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Wednesday, June 20, 2012
 
Commercial Speech in Sports Advertising

One of the most important revenue streams in the sports industry is from advertising. The concept is simple -- an advertisement is created and placed, generally in exchange for a fee. But commercial speech rules and restrictions can influence what goes into an advertisement, whether an advertisement can be placed at all, and what the potential liability is for the advertiser.

Two recent cases demonstrate the impact of commercial speech in sports.

The first involves Michael Jordan and the Jewel-Osco grocery store chain, which was asked to place an advertisement in a special issue of Sports Illustrated honoring Jordan. The ad contained a Jewel-Osco logo and congratulated Jordan from a "fellow Chicagoan." Jordan sued, claiming that the ad explored his name and likeness for commercial gain without his permission. The court, however, found that the ad was in fact not an ad because it did not promote Jewel products or services. The "ad" therefore was not commercial speech and thus entitled to the full protections of the First Amendment. Jewel was thus not liable to Jordan, but it took a litigation to confirm its rights.

The second case involves the Family Smoking Prevention and Tobacco Control Act, passed in 2009. The statute bars tobacco manufacturers from promoting their brands through sponsorship of athletic, social and cultural events in the brand name of a tobacco product. On March 2012, the Sixth Circuit Court of Appeals upheld the sports sponsorship ban, finding that the statute directly advanced the Government's interest in reducing tobacco use by youth.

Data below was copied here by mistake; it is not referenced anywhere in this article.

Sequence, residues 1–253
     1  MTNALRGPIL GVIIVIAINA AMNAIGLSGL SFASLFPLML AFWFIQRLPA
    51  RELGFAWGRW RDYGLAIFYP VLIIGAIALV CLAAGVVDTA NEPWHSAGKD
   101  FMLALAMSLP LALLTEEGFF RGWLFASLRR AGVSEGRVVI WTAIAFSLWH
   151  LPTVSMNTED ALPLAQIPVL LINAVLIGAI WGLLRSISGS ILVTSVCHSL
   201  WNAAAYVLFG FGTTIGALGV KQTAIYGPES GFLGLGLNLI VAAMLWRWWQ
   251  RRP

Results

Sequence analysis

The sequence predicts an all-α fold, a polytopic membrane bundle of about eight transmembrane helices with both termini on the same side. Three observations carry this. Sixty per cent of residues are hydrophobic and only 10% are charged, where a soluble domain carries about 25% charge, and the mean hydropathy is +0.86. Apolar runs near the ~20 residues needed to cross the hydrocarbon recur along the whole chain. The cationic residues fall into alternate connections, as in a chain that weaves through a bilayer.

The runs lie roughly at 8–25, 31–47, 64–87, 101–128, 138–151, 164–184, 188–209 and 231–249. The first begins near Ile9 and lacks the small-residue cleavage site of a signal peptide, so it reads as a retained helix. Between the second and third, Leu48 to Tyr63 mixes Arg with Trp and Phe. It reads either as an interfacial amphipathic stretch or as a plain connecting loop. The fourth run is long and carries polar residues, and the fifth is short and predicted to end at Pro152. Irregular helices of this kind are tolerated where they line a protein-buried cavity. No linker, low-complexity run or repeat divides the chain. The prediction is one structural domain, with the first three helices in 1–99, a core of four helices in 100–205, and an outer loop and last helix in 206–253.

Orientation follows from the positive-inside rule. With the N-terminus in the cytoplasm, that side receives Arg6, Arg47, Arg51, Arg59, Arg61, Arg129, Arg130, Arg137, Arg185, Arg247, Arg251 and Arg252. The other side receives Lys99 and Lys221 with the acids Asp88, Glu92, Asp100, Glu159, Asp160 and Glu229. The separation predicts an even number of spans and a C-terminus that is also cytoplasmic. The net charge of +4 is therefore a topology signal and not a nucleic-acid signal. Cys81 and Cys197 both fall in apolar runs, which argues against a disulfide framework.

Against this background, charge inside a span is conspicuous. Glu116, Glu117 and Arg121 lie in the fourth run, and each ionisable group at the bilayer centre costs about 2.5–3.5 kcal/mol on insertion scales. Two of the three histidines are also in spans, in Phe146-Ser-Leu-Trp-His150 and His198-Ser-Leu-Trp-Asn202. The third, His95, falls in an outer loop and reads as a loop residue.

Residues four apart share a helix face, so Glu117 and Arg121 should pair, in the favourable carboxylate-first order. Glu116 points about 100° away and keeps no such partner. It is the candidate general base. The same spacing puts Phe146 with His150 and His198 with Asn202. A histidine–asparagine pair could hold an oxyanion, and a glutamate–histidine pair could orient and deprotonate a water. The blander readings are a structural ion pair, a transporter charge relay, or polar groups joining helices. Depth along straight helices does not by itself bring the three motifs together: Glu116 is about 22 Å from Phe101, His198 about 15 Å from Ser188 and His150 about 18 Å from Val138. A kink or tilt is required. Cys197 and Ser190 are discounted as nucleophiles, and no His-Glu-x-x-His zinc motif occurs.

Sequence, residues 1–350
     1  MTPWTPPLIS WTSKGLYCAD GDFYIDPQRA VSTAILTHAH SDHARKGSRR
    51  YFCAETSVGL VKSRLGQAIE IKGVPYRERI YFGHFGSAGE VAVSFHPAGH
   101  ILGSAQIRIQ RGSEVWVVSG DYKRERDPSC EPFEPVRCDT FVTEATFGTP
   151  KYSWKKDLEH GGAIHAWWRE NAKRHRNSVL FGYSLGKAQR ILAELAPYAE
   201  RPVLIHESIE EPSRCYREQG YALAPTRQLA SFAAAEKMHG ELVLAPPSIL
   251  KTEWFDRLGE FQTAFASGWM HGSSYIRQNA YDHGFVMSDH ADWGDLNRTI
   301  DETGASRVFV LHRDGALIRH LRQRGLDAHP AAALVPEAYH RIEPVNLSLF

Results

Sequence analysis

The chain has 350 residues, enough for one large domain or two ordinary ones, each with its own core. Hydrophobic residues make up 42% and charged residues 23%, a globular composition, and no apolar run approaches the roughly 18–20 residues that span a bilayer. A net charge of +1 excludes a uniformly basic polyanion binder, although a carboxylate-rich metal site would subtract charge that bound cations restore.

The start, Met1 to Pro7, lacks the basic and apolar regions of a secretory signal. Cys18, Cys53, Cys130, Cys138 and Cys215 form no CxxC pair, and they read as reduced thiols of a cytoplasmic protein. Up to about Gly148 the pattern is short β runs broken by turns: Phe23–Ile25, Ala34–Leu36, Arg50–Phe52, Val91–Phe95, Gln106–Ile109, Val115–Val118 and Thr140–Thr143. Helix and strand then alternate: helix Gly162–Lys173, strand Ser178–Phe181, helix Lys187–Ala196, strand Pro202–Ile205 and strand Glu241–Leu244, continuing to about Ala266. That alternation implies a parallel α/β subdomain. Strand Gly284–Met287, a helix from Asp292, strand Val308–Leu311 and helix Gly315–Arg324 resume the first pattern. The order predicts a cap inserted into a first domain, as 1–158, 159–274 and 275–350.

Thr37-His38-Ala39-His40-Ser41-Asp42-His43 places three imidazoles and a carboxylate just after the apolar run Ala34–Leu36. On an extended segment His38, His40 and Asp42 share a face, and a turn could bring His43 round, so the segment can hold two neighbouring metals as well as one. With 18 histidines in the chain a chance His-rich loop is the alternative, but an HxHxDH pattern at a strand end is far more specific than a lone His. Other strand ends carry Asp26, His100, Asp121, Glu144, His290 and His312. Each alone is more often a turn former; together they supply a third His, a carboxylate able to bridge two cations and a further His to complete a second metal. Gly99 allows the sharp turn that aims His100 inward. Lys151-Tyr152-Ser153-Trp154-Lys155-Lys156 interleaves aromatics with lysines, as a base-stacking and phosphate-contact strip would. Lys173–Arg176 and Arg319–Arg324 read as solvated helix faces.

Advertising is simple, but, as these cases demonstrate, advertisers need to consider the possible impact of commercial speech principles while planning some advertising campaigns.





2 Comments:

Another reason to get rid of the commercial speech distinction: It is often too hard to know which it is.

Blogger Howard Wasserman -- 6/21/2012 8:25 AM  


Agreed. The problem with commercial speech is that it forces courts to employ a different -- and intricate four-part test that some called "intermediate" scrutiny and others call "intermediate-plus" scrutiny. So, defining what is "commercial" and what is not becomes of paramount importance. The Supreme Court has side-stepped this issue over the years (usuing a generic definition of "speech proposing a commercial transactions"). This is especially problematic in right of publicity cases, with its own jurisprudential problems. Until the Supreme Court overrules Central Hudson (the 1980 case which came up with the present commercial speech standard), we will more and more cases like the ones noted in the blog piece.

Blogger Mark Conrad -- 6/22/2012 6:39 AM  


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